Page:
|It must be a distraction to Yankee pitchers,|
actually seeing fans in the expensive seats behind home.
Yes, in other cities, people actually come to games and sit behind home plate. Crazy, huh? How do they do that? Are they holograms? How is that done?
Back home, our "new" Yankee Stadium has now been around for five years - long enough for two Kim Kardashian weddings - but there are always huge, blue algae blooms of empty seats in the high-priced sections, behind home plate. It's normalcy, the Yankee way.
The blue empties are a symbol of the financial powers that control New York City. The choice seats in Yankee Stadium cost way too much for regular fans, so they purchased by corporations and/or billionaires. The owners not only don't attend many games, but they aren't even bothered enough to give them away. So the seats are empty. The Yankees don't even let fans come down and use them in the final innings. This is the modern Yankee reality, and someday, you'd think it will rise up and bite this franchise hard in the butt.
Meh. Not this year.
Thus far in 2014, overall MLB attendance is down slightly - by 149 fans per game from last season. But the Yankees home attendance is up - by 2,939 fans per game.
Why would this be? Maybe it's the Jeter Effect - fans longing to glimpse The Captain's farewell tour. It might be a splash from Masahiro Tanaka or Jacoby Ellsbury, or the fact that we played Boston way too many times in April. My guess: We're counting sales, not butts.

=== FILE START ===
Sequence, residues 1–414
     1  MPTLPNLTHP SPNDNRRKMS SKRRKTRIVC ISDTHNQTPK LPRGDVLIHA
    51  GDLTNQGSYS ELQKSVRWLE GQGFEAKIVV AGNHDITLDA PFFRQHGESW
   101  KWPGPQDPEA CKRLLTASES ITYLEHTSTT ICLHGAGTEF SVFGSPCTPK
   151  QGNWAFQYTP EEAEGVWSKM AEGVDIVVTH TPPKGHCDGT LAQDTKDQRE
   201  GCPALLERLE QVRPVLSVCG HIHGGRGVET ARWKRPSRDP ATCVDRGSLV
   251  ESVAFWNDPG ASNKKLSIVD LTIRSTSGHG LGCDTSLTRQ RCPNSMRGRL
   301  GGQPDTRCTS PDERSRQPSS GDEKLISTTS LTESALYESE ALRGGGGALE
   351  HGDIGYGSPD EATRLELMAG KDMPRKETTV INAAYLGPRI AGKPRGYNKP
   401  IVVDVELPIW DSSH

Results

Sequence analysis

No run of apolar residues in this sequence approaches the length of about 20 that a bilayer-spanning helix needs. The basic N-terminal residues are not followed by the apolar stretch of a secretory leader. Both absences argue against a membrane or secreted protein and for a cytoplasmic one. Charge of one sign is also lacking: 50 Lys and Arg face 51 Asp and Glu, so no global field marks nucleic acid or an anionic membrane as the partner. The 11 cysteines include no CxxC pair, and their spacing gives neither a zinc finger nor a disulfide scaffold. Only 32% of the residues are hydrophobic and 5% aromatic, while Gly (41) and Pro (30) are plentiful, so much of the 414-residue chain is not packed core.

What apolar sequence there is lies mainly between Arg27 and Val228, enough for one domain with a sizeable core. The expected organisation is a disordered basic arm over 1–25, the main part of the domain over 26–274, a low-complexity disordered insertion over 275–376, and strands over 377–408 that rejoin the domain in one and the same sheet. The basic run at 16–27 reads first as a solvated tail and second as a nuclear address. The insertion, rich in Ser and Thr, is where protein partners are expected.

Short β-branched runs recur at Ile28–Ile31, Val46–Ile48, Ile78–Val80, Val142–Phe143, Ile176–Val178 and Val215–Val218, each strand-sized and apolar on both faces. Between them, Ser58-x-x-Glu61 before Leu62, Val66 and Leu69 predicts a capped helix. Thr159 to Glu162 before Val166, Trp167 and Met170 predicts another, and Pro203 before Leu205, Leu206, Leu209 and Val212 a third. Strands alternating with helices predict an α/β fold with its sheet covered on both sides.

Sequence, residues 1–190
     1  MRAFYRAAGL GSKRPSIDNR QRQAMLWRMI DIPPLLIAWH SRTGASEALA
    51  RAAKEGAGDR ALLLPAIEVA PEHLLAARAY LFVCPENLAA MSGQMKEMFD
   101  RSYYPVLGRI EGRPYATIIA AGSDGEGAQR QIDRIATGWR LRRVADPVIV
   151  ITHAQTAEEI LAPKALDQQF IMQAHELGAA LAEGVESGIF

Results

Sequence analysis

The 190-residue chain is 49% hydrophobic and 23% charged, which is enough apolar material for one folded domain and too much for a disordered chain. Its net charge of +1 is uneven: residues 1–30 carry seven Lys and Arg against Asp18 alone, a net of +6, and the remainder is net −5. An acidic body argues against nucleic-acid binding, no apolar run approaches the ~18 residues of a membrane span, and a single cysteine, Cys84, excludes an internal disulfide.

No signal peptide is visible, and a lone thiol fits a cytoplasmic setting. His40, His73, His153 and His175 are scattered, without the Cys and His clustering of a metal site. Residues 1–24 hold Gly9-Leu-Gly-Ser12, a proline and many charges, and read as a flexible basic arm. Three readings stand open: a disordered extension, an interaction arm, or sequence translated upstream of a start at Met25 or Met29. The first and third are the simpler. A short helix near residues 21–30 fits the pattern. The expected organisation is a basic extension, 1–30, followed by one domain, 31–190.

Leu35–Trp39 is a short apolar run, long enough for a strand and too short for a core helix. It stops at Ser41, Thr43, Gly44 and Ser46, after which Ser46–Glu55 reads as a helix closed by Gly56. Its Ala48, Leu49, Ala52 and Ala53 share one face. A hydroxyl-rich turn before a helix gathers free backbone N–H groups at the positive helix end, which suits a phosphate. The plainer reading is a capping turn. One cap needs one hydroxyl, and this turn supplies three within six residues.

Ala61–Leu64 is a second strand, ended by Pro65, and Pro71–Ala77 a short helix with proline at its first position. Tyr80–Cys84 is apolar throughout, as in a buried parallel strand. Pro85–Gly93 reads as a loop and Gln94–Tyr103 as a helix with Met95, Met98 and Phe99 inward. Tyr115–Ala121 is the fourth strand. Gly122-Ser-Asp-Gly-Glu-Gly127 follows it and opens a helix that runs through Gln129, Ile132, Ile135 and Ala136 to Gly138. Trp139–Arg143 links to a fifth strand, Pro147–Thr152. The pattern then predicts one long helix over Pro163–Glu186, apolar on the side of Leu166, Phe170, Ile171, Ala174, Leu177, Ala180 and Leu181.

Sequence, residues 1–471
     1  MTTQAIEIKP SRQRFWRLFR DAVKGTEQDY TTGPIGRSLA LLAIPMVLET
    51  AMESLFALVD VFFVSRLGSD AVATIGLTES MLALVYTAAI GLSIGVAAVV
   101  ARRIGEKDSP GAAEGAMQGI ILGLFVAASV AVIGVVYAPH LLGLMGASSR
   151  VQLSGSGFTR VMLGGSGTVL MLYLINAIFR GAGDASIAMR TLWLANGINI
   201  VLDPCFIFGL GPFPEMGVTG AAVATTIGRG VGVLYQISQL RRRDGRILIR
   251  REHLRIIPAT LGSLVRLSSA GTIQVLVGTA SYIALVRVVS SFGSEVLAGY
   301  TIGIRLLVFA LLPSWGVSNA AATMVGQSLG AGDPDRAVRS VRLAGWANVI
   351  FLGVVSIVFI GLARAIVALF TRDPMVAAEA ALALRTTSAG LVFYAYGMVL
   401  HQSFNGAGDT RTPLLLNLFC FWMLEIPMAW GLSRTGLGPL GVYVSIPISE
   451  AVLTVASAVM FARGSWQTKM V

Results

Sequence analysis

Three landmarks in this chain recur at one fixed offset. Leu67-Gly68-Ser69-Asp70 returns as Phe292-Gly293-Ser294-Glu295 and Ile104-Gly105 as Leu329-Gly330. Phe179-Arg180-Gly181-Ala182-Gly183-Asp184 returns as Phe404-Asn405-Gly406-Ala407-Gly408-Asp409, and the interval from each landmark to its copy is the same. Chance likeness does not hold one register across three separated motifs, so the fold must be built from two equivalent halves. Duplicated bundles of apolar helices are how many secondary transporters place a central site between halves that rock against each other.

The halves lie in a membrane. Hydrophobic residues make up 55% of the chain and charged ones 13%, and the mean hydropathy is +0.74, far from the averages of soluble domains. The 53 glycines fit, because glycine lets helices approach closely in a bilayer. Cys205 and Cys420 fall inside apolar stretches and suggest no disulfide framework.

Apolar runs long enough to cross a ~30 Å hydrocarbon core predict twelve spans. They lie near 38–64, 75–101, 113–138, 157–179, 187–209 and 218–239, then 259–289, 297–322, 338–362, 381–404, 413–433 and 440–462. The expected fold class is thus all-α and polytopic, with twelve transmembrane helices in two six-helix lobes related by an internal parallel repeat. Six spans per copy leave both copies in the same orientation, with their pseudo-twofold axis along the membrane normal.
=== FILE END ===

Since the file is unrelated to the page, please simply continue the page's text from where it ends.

The center field camera at Yankee Stadium almost always shows empty seats behind the plate. But empty does not mean unsold. The money flows where fans cannot go. Against Seattle - on a cold night, there were so few bodies in Yankee Stadium that the booing of Robbie Cano seemed to echo across a cavernous empty structure. In the final innings of a few home games this year, the stadium has looked like an April game in Syracuse. And believe me, there are empty seats on cold April nights in Syracuse.
The Steinbrenner brain trust may not think it has a problem. Hey, as long as the money flows, as long as the numbers show attendance up, ka-ching. All is fine. But like algae blooms on a lake, those swatches of blue represent something seriously bad going on beneath the surface. One of these days, the Yankees will wake up to a crisis. Do you think the brass noticed the fans in Chicago and St. Louis? Do you think they said, "Wow, who are those people? They actually sit behind home plate?" Ah, who cares? Just count the money. In two years, there will be another Kardashian wedding anyway.